Onwards and upwards for Edinburgh Athletic Club

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NO MATTER how strict the criteria, it is hard to escape the conclusion that this has been a vintage year for Edinburgh Athletic Club (EAC), an amateur sports club supported entirely by the fundraising activities of its committee and the subscriptions of its members.

But is it getting too hard to sustain without some meaningful sponsorship deal?

No strangers to success – as far back as the sixties – the former Edinburgh Southern Harriers and the old EAC had jousted regularly for top British club honours – the modern-day EAC women’s team can justly claim to be Britain’s top club, having won the UK Women’s League title for the second year in a row and with it the right to represent Britain again in the European Club Championships in Turkey next May.

“That is a great honour but it also means a great deal of hard work – this year it cost us over £14,000 to go to Portugal and it could be even more to go to Turkey,” said publicity co-ordinator Gillian Cooke, the former World bobsleigh champion and Scottish long champion, who so narrowly missed making the Scottish team for the Glasgow Commonwealth Games, achieving one of the two necessary qualifying standards to gain 
selection for Hampden.

It speaks volumes for the club loyalty that several chose to compete in Portugal, helping EAC to a very creditable debut in fifth place.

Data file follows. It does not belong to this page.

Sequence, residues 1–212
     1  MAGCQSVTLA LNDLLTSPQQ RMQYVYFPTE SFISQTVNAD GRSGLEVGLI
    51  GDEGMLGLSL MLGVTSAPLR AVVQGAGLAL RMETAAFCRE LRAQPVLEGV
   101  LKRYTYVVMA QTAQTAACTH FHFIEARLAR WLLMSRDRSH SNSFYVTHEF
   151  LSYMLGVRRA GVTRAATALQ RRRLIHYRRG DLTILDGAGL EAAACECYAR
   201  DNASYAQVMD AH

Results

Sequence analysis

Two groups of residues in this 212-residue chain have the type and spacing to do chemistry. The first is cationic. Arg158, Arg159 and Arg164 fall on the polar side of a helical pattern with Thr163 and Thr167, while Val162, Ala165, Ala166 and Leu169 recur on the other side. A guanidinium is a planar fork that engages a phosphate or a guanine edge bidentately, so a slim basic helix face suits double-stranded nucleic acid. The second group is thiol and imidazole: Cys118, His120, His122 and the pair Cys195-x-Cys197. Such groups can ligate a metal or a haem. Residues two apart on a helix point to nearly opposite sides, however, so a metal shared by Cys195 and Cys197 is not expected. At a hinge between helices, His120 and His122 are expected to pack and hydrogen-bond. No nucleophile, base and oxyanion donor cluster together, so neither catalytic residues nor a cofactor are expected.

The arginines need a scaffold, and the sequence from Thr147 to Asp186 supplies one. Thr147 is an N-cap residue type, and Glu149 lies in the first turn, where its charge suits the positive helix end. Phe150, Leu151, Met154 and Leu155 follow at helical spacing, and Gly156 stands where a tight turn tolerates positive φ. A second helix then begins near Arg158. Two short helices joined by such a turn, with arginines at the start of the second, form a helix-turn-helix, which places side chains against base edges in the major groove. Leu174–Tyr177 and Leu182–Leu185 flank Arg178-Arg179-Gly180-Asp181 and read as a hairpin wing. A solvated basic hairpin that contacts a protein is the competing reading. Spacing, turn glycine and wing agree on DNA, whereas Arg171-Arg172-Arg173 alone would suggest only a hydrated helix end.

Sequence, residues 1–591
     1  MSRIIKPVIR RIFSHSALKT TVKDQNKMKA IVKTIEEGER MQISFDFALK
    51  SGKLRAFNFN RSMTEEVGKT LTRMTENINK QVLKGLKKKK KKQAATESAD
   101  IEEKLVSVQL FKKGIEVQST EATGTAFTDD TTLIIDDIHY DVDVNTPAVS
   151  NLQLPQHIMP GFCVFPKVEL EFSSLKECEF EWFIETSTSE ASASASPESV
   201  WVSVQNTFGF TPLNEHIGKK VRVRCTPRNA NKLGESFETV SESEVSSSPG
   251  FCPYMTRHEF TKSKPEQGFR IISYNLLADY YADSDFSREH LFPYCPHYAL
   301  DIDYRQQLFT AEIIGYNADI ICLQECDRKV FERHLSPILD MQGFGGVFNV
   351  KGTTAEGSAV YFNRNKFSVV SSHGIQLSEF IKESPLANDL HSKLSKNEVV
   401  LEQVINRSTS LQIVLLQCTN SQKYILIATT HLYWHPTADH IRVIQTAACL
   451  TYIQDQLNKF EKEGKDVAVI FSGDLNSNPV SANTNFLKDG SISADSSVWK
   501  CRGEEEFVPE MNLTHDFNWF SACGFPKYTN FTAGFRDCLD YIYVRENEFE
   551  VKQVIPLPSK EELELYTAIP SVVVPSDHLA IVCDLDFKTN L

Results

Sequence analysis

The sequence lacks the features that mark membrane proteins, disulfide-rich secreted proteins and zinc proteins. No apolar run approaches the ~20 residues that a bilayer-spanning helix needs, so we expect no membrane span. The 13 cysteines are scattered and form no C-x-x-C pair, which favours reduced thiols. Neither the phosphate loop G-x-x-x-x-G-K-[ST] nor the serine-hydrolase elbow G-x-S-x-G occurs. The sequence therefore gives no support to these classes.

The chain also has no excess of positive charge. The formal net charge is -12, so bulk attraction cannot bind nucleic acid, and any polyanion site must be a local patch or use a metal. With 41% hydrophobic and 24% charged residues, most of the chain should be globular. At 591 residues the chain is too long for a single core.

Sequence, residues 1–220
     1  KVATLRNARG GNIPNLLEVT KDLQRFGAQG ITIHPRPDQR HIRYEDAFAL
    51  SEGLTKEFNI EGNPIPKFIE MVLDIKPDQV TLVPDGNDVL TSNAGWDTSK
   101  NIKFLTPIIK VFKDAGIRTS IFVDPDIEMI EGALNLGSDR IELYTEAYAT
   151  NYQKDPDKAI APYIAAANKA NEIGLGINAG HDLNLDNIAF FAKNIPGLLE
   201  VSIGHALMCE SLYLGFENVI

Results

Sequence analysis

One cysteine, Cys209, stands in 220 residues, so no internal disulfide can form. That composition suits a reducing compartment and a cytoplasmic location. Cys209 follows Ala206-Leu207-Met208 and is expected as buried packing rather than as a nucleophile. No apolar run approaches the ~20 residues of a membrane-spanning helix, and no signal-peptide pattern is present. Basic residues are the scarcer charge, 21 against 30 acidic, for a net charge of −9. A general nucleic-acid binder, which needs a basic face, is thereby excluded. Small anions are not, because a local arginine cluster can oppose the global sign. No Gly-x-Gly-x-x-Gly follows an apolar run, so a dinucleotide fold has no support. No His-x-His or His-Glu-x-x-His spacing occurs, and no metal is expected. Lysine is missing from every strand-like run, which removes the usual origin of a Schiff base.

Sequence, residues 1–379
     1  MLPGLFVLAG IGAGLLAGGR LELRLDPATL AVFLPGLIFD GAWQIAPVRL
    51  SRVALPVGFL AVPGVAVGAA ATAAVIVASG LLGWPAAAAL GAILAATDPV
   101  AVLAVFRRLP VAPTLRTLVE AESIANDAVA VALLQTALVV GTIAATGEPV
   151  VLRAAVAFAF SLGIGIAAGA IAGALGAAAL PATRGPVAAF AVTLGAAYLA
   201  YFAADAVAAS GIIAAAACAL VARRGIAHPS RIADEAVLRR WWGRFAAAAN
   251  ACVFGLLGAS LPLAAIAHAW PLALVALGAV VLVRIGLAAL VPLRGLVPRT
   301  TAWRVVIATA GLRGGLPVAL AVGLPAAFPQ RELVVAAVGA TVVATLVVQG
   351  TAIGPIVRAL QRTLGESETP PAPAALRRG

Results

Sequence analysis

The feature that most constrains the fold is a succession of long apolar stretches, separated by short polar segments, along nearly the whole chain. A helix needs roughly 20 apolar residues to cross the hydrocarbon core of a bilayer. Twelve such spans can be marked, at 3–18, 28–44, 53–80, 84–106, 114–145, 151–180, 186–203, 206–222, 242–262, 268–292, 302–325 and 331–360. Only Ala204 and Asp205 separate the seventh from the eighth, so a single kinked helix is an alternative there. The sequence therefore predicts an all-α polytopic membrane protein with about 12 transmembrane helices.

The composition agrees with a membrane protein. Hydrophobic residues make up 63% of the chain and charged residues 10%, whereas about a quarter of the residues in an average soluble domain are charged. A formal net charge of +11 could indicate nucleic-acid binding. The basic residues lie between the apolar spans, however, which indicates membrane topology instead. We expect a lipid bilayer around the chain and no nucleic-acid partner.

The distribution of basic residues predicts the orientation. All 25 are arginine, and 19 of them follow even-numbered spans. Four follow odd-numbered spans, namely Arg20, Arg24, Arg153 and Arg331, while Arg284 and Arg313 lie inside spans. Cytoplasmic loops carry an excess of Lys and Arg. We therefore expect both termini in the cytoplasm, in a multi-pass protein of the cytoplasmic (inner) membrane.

In total, nine EAC members competed in the 2104 Games at Hampden, including 800 metres silver medallist Lynsey Sharp, whose dramatic fight to make the podium has been well documented elsewhere and could yet see her 
being named Scottish Athletics’ Senior Athlete of the Year.

The fact that she twice had to overcome the odds and illness may tip the scales in her favour.

We must not forget Chris O’Hare either, whose Euro 1500m bronze was another brave effort and who is also in the running for Scottish Senior Athlete of the Year. In a year other than this one, he would surely have walked it.

Others in Team Scotland were women high jumpers Emma Nuttall and Jayne Nisbet, long jumper Sarah Warnock, hammer-thrower Susan McKelvie, shot-putter Kirsty Yates, who was fifth, and Jake Wightman in the 1500m.

A total of five stars from the Capital have been nominated for this year’s Scottish Awards with Kimberley Reed, World junior hammer finalist nominated for Under-20 Athlete of the Year along with hill runner Andrew Lawler.

Middle-distance star Josh Kerr looks a strong favourite for the Under-17 Athlete of the Year after a year in which he took double gold at the English Under-17 Championhips, gold at the UK School Games, gold at the British Schools International and double gold at the Scottish Schools Championships at Hampden.

And despite a concern the club are not producing senior cross-country runners any more, Australian-born Maddie Murray reminded us what a fine prospect she is by beating Laura Muir (Glasgow University) for second place behind Edinburgh University’s Rhona Auckland in the Scottish 4k Championships at Bellahouston Sports Centre last Saturday.